Some are calling it legislative heresy, others a mild symptom of Montgomery County snobbery, but the Republican state senator from Bethesda says he's quite happy breaking the cardinal rule of politics that says lawmakers shall refuse no perquisites of office.
State Sen. Howard A. Denis, apparently no friend of the three-martini lunch, has rejected a year-round 10 percent discount on food and drink offered by the Dockside restaurant, a popular dining and drinking spot on Market Space three blocks from the historic State House in Annapolis.
Eager to drum up business during the slow winter months, Dockside managers recently mailed all 188 state senators and delegates a small blue card entitling them and their staffs to discounts at meals and parties, general manager Dianna Franklin said.
Denis officially rejected the discount card last week, she said, while three other legislators wrote letters thanking the restaurant for its offer.
Franklin, who devised the wallet-sized cards, said the marketing gimmick was "meant to help" the legislators, who receive $28 per diem for meals.
"We weren't trying to influence them, but wanted to get their business," Franklin said yesterday. "They are the clientele we're after."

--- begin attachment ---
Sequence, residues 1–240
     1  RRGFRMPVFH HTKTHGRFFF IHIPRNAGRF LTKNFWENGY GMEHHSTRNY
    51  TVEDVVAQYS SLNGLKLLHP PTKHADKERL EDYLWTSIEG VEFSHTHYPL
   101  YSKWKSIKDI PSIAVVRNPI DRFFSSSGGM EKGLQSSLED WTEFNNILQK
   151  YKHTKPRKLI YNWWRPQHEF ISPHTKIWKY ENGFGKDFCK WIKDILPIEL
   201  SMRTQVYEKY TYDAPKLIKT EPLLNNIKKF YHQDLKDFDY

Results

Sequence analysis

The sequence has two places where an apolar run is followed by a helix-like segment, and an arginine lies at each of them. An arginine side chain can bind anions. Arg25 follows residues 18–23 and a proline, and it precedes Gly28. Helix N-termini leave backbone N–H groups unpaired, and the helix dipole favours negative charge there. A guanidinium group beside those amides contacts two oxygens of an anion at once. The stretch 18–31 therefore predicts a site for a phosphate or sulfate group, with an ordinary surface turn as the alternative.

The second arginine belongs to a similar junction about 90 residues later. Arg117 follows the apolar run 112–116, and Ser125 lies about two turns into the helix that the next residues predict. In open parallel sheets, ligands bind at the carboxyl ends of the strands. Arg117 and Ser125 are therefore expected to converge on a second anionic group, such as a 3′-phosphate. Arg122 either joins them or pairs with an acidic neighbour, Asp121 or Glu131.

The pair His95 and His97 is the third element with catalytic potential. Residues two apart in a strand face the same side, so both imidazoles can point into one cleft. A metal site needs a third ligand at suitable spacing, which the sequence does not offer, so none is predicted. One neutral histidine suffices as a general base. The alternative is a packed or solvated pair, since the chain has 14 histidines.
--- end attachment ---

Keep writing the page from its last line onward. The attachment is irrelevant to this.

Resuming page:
Denis, noting that the General Assembly handles dozens of bills each year affecting Maryland's liquor and restaurant industries, beer and wine licensing and drunk-driving penalties, said, "I felt uncomfortable about it."
A spokesman for Attorney General Stephen H. Sachs' office, which often rules on questions of possible conflicts of interest, declined comment on the Dockside discount card.
However, Denis' Senate colleague, Democrat Gerald W. Winegrad, said restaurants and hotels in his home town of Annapolis frequently offer a variety of ethical discounts to lawmakers during the 90-day legislative session.
"The cold months are one of the slowest times of the year for small businessmen like restaurant owners," said Winegrad. "I didn't sense anything improper or illegal about what the Dockside is offering."
Meanwhile, Franklin said, "We're even thinking of starting a Monday dinner buffet" prior to the legislature's traditional night sessions. "That could help business."